A house's heat loss, snow cover, and outside temperatures interact to form ice dams. For ice dams to form, there must be snow on the roof and, at the same time, the highest parts of the outer surface of the roof must be above 32 degrees F (freezing point), while the lower surfaces must be below 32 F. Ice dams form after a heavy snow on the roof. When the roof is heated due to the heat inside the attic, it causes the snow to melt and causes the melt water to flow down the roof.
It will freeze once it reaches the edge of the roof, forming an ice pile. This process will continue to form larger ice dams and may even cause significant damage to the home. Ice deposits and icicles form when snow melts, goes down the roof and freezes again near the edge. This only occurs when part of the roof is heated above 32 degrees F, hot enough to melt snow, while the roof edge remains below freezing point.
This scenario is usually the result of a warm attic. Ice dams are more common in northern climates. They occur when the heavy accumulation of snow melts during the day and then freezes again when temperatures drop during the night. This is the most common way ice dams form.
It happens when your home is simply not energy efficient. As we mentioned, air leaks are to blame for easily losing heat through the roof and can cause other problems along with ice dams. Over time, the dam will grow so much that, instead of the water freezing and becoming part of the dam, it will be trapped behind the dam. The ice dam will continue to grow from the melt water supply until the water no longer reaches the freezing point of the ceiling and begins to accumulate.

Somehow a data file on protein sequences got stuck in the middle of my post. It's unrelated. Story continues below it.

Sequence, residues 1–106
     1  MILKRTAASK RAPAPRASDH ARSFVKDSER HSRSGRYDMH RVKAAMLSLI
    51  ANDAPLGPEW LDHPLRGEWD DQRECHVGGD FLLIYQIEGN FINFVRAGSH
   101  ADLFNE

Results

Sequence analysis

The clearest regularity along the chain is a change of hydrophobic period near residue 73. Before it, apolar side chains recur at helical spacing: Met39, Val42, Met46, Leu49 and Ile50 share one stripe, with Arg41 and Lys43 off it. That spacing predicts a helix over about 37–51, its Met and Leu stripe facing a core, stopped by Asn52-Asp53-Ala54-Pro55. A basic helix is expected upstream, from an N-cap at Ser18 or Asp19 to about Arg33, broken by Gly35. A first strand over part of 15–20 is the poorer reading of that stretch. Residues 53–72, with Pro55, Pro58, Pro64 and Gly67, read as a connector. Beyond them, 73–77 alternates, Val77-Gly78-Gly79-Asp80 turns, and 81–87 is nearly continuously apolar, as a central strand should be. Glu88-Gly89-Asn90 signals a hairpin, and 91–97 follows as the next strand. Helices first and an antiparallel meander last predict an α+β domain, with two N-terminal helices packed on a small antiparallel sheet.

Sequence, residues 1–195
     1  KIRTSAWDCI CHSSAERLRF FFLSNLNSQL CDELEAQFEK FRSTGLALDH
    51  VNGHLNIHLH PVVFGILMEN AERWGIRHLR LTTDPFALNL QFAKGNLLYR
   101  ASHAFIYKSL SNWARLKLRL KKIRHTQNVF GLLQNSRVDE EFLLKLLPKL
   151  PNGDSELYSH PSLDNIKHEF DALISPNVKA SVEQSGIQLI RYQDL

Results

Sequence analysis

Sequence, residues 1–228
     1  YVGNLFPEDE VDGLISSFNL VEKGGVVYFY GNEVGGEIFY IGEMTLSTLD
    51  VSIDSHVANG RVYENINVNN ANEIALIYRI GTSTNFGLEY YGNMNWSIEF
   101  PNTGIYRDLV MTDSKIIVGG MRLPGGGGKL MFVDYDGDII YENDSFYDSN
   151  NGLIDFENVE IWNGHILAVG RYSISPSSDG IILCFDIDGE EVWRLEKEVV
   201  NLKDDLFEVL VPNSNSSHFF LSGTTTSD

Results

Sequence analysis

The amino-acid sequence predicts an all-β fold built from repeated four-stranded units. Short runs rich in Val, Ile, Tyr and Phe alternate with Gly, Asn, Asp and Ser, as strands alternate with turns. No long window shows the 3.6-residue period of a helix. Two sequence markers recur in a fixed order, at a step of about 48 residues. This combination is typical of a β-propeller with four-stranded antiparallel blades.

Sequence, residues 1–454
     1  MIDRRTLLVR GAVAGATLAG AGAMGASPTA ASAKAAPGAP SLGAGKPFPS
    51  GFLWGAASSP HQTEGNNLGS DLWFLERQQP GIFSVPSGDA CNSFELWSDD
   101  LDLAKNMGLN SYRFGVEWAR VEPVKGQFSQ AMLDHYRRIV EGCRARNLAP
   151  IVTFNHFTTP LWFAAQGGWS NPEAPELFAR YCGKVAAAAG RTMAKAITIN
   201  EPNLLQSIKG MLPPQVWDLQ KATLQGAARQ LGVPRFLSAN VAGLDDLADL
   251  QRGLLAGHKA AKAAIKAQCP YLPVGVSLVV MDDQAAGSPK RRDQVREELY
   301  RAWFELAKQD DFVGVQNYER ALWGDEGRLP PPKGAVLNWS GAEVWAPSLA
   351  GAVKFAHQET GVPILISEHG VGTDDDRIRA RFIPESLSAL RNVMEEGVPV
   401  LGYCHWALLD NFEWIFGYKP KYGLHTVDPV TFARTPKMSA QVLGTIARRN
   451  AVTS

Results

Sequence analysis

Temperatures can stay below freezing during the day and night, but ice dams can continue to form if the sun's radiant heat melts snow on the roof, even though the ambient temperature is below freezing. There have been a handful of cases of people losing their lives due to falling icicles, and ice dams are even bigger and heavier. If you notice large icicles forming in the corners of your house or in the gutters, it's a telltale sign that ice dams are forming on the roof. There are many problems that ice dams can cause in your home if you don't take proper precautions to prevent or eliminate them.
If you've had roof leaks in the past, hiring a professional to install an additional layer of protection could save you more roof damage from ice deposits. Or, ice dams can constantly form at the foot of roof valleys (the junction where two roofs meet at right angles) because they are filled with wind-blown snow. Therefore, it is strongly recommended that you ensure that your house is properly insulated if you want to prevent ice accumulations or prevent them from reappearing once removed. If you notice ice dams starting to form on the roof, there are some steps you can take to eliminate ice dams on the roof before they cause extreme damage.
In addition to this physical damage to property, there are a couple more warning signs that homeowners can begin to notice when they suffer damage from ice dams. Watch out for ice accumulations when temperatures range between 30 and 32 degrees, right at freezing point or just below freezing point. However, there are many other damages caused by ice dams that you may not notice until a while has passed. They literally create a dam that prevents ice and melted snow from flowing properly through the gutters and out through the downspouts.
Attached with clips along the edge of the roof in a zigzag pattern, heated cables help prevent ice deposits that lift roof tiles and cause leaks. .